• Convoy, a digital freight network that connects shippers with carriers, raised $260M in a Series E round consisting of $160M in equity led by Baillie Gifford and T. Rowe Price and $100M in venture-debt from Hercules Capital, as well as a $150M line of credit from J.P. Morgan, bringing their valuation up to $3.8B. Part of the funding will go toward expanding their drop-and-hook service that allows shippers to pre-load Convoy trailers and set them aside so truckers can pick them up during more flexible windows, and the rest will go towards growing its team and tech. 
  • Jarvis ML, a platform that offers an AI-powered personalization engine to brands selling products, services, and experiences, raised $16M in a round led by Dell Technologies Capital. The company will use the funding to grow their R&D, sales, and marketing teams to accelerate product development. And I assume part of that funding will be used for legal fees and rebranding after Disney sues them for using the name “Jarvis” (like they did the copywriting AI software company earlier this year). 
  • Morado, a two-month old Colombian marketplace for the beauty industry that aims to digitize beauty salons in Latin America, raised $5M in a pre-seed round co-led by Tiger Global Management and H20 Capital Innovation. The company's goal is to reinvent the current supply chain through vertical software technology and next-day deliveries and plans to use the funding to accelerate its growth in Colombia before moving onto Mexico.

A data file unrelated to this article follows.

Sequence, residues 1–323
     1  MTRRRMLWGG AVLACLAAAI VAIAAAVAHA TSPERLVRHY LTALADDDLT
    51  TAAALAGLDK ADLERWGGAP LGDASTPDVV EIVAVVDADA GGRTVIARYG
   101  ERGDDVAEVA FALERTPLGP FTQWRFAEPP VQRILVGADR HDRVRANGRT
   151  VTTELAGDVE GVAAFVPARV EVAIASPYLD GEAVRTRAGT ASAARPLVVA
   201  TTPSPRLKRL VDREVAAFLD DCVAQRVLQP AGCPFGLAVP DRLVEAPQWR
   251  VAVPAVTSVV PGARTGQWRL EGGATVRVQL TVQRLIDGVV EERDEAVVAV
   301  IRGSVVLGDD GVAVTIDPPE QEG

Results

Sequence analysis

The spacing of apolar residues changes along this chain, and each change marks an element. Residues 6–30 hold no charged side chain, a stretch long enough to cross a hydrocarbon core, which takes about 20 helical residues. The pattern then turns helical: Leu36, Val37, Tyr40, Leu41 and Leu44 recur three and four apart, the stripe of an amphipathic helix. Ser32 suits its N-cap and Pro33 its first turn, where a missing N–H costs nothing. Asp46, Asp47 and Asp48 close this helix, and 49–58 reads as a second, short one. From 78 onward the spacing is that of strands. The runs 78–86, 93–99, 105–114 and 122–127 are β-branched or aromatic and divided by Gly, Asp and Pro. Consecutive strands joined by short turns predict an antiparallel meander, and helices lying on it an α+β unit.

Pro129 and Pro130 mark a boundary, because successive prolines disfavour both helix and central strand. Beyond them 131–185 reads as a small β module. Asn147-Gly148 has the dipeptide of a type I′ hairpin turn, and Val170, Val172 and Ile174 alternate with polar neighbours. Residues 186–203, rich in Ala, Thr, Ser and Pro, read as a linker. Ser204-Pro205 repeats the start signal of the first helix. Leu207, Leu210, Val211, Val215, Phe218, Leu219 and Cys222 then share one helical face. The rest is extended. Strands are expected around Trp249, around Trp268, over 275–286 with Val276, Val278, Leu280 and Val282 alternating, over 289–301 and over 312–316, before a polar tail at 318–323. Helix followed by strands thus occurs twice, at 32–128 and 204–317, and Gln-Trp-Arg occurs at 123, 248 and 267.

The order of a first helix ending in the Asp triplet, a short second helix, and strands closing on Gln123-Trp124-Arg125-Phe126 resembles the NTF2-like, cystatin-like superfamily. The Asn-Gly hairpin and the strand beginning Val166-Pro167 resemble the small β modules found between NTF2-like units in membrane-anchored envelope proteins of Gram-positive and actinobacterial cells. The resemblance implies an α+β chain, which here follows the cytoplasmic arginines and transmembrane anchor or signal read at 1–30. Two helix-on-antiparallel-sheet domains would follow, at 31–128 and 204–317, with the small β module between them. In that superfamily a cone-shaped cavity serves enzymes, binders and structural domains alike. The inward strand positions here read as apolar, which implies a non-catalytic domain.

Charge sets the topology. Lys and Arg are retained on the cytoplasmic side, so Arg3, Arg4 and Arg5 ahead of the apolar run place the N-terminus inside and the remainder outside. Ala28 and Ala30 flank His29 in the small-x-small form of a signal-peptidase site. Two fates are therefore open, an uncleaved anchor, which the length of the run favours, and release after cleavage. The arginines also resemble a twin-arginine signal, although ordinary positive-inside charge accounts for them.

• Vaayu, a platform that offers real-time monitoring of retail sales to help retailers reduce their carbon footprint, raised $11.5M in a round led by Atomico, bringing their total amount raised to $13M. The new funds will allow the company to offer retailers emissions benchmarking against their peers and detail the carbon footprint of individual items.
  • SaveIN, an Indian BNPL product that breaks elective healthcare procedures into more affordable payments, raised $4M in a round led by 10X Group, Leonis VC, and Goodwater Capital. The company will use the funds to develop its product, hire new employees, and address its branding.

What'd I miss?

Shopifreaks is a community effort and I appreciate your contributions to help keep the rest of our readers in the know with the latest happenings in e-commerce. Whenever you have news to share, you can e-mail [email protected] or hit reply to any of my newsletters.

You can also mention @shopifreaks on Twitter or submit posts to r/Shopifreaks on Reddit, and I'll curate the best submissions each week for inclusion in the newsletter. 

💖 Thanks for being a Shopifreak!

If you found this newsletter valuable, please share it with your colleagues and help us grow.

See you next Monday!

PAUL

Paul E. Drecksler
www.shopifreaks.com
[email protected]

PS: Why can’t a nose be 12 inches long? … Because then it’d be a foot.

PPS: Don't forget to show me some love on Google and Product Hunt. Thanks!

Loading...